On June 20, 1941, she describes their first kiss and said it left her ‘shaking all over’. The next day, she added: ‘I love those green eyes. We kissed for the second time today.
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‘It felt so nice, but you know, it wasn’t fiery or wild, but somehow delicate and careful, almost fearful—as if we didn’t want to extinguish something that was growing between us.’
But just days later, on June 26, she says: ‘I can’t write. I’m weak with fear. War again, war between Russia and Germany.
Renia Spiegel’s diary has drawn comparisons to Anne Frank for her moving account of life as a Jew during the Nazi occupation of Poland
Renia vividly documents the misery of living in a Jewish ghetto, though still manages to find joy in nights spent in the garden and with her beloved boyfriend Zygus.
‘The Germans were here, then they retreated. Horrible days in the basement. Dear Lord, give me my Mamma, save all of us who have stayed here and those who escaped the city this morning. Save us, save Zygus.’
Shortly afterwards, the Nazis captured Lwow and Przemyśl and forced the Jews to don armbands, with rumours swirling about the creation of a ghetto.
What follows is a whirlwind of violence – pogroms, executions by Nazis authorities, and constant fears that her loved ones have been killed.
In 1942 Renia and around 20,000 other Jews were sealed inside a ghetto, locked away from the outside world and watched over by Nazi guards day and night.
Over the coming months she vividly describes the misery of living there, though still manages to find joy in nights spent in the garden, and with her beloved Zygus.
But in July, the ghetto police demand extortionate fees from all ghetto residents ‘to ensure their safety’, with deportation to a death camp the penalty for failing to pay.
Renia’s diary was eventually published in Polish in 2016, as well as being turned into a film and a play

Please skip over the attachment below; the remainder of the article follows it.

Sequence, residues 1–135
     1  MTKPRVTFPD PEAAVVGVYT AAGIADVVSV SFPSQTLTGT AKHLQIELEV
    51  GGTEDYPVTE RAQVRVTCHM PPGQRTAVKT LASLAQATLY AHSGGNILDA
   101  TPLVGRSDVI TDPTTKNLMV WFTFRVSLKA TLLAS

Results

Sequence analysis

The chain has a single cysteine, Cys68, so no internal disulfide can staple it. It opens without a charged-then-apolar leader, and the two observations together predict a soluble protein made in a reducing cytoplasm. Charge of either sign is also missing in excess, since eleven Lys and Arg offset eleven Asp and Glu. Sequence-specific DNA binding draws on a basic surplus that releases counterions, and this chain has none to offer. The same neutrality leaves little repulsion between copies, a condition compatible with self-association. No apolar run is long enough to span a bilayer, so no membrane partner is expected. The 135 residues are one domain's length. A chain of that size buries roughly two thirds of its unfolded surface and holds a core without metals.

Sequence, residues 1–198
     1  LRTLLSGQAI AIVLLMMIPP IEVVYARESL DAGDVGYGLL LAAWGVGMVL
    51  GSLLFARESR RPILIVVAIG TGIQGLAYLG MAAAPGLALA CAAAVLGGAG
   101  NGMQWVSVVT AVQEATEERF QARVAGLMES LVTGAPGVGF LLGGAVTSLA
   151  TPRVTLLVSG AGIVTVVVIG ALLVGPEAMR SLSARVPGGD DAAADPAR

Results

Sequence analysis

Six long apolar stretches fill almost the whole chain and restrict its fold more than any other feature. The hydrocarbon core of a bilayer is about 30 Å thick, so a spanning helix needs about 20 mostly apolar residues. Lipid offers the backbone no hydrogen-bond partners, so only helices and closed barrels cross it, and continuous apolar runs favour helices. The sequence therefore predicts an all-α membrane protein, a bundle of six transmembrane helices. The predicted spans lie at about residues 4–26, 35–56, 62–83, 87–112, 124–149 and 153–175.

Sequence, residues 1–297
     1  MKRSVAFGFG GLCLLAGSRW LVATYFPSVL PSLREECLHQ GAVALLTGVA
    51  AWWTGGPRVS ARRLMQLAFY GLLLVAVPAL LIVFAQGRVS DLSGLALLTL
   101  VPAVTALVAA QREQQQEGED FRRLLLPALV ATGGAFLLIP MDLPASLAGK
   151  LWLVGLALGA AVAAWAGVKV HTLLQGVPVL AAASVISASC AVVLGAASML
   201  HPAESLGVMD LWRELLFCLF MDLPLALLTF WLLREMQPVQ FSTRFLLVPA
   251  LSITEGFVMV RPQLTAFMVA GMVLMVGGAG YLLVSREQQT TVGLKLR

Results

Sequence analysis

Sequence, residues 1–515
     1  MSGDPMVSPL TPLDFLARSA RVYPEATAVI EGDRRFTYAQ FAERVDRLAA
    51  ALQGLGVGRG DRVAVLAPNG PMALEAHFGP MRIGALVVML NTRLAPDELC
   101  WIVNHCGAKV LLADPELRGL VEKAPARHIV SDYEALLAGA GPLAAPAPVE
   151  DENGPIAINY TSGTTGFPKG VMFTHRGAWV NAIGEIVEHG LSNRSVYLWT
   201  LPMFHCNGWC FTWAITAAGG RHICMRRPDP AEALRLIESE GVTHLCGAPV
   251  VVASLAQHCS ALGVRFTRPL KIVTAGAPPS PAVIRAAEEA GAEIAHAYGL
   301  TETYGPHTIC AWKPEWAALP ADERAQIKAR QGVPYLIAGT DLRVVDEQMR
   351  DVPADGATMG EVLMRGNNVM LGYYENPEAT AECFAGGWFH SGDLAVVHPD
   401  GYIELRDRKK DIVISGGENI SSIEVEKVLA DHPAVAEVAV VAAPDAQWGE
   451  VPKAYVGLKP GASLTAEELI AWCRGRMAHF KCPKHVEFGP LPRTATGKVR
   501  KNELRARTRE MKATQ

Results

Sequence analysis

Too distraught to read it, Renia’s mother and sister put the diary in a safety deposit box in a Chase bank in Manhattan for six decades, until Ariana told her own daughter Alexandra about it, who sent it for translation
The diary then switches to Zygus’s voice as he attempts to save Renia along with his own parents by secreting them out of the city.
However, his efforts ultimately failed, as he writes on July 31, 1942: ‘Three shots! Three lives lost! It happened last night at 10:30 p.m.
‘Fate decided to take my dearest ones away from me. My life is over. All I can hear are shots, shots shots….My dearest Renusia, the last chapter of your diary is complete.’
Although the diary has inevitably drawn comparisons with Anne Frank, Renia had a different style and wrote frequently in poetry as well as in prose
Zygus, Renia’s mother Roza and her sister Ariana survived the war – despite Zygus being taken to Auschwitz where he was examined by Dr Mengele – and fled to New York, where they started a new life.
Despite Roza and Ariana living under new names as Catholics, Zygus managed to track them down in the 1950s and handed them Renia’s diary.
Too distraught to read it, the diary sat in a safety deposit box in a Chase bank in Manhattan for six decades, until Ariana told her own daughter Alexandra about it.
She became obsessed, and in 2014 began sending the diary to a Polish student to translate. The diary was eventually published in Polish in 2016, as well as being turned into a film and a play.
At the end the diary switches to Zygus’s voice as he attempts to save Renia along with his own parents by secreting them out of the city. However, his efforts ultimately failed, as he writes on July 31, 1942: ‘Three shots! Three lives lost! It happened last night at 10.30pm’
However, it has now been published in full in English for the first time, revealing a harrowing account of life during the war.
In a prologue to the book, Robin Shulman said: ‘Readers will naturally contrast Renia’s diary with Anne Frank’s.
Renia was a little older and more sophisticated, writing frequently in poetry as well as in prose. She was also living out in the world instead of in seclusion.
‘Reading such different firsthand accounts reminds us that each of the Holocaust’s millions of victims had a unique and dramatic experience.
‘At a time when the Holocaust has receded so far into the past that even the youngest survivors are elderly, it’s especially powerful to discover a youthful voice like Renia’s, describing the events in real time.’